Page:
Leverage

Posted in Finance, Accounting and Economics Terms, Total Reads: 668
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Definition: Leverage

Leverage may mean the use of different financial instruments to potentially increase the returns of an investment. Leverage may also mean the amount of debt taken in order to finance the assets of the firm and is expressed as a ratio of the amount of debt to capital (Capital is the sum of long term debt and total shareholder’s equity). Financial leverage is also given as the ratio of total assets to the shareholder’s equity.


Higher the risk, higher is the potential risk and reward for the shareholders. Leverage can be increased by using financial instruments like futures, options and margin. For financing large capital projects, companies mostly use debt. Thus, the company increases its leverage because the company can invest in its operations without raising its equity. Let us suppose the company uses $10 million of debt and $5 million of equity to finance a capital project, and then the company uses a leverage of 0.67 for this project.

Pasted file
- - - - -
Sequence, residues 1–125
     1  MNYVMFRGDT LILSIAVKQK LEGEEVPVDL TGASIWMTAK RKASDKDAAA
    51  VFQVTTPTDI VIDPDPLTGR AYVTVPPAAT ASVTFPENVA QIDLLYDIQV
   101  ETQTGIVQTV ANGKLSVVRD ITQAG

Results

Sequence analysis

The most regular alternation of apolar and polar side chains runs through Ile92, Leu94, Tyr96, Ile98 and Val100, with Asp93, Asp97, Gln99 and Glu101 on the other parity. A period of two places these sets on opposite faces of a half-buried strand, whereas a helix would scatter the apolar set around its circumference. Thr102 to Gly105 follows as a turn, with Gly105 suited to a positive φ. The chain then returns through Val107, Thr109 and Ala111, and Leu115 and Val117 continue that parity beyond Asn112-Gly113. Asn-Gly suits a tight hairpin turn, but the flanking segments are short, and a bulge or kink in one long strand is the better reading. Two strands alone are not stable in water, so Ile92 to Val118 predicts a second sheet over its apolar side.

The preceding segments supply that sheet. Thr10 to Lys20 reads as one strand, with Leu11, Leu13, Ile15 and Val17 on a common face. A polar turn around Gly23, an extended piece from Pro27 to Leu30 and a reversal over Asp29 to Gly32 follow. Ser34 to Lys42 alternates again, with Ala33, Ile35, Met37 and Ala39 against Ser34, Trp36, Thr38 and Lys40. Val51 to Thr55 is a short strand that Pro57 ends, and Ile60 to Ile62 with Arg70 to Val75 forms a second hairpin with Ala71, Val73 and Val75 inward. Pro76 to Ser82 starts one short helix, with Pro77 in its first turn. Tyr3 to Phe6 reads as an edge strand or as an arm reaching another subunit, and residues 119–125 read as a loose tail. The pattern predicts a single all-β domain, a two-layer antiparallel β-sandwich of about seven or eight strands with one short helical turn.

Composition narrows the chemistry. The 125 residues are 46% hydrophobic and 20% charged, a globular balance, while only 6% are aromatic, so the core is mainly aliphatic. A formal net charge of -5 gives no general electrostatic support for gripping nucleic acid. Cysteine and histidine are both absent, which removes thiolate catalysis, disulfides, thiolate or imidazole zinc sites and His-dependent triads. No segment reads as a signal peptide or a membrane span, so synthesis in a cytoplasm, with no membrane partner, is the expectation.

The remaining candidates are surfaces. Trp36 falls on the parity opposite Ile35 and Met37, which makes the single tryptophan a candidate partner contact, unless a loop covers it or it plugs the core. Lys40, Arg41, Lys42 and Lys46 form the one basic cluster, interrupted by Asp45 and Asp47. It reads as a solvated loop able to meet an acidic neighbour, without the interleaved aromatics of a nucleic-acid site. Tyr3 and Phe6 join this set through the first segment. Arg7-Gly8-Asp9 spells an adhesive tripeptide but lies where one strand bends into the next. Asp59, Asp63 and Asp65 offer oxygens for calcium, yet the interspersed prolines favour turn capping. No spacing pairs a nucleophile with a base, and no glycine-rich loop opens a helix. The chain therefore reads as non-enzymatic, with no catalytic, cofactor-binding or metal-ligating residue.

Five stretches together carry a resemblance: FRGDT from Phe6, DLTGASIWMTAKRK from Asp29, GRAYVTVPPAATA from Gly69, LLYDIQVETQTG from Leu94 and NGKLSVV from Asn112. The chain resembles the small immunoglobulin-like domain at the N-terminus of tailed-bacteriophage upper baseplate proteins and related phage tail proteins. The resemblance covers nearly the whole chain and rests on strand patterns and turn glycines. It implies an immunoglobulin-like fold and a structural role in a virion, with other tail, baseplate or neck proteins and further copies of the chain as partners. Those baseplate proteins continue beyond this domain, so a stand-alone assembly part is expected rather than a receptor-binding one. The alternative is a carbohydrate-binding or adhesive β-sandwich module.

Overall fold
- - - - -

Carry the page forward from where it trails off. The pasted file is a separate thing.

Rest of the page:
The main advantages of using leverage includes

• Helps the firm as well as the investor to invest and operate. It results in sharing of risk between the firm and the investor.

• Leverage magnifies both gains as well as the losses. The investor would be more interested in knowing about the liquidity and solvency of the company unlike the equity holders who are more interested in knowing about the profitability of the company

• A company that can successfully use its leverage demonstrates that it has the ability to honor debt obligation. Hence this improves its credit rating.

• Leverage can also increase the economies of scale of operations for the company. The borrowed funds must be paid in relatively small installments over a long period of time. This frees the free cash flow for more immediate use


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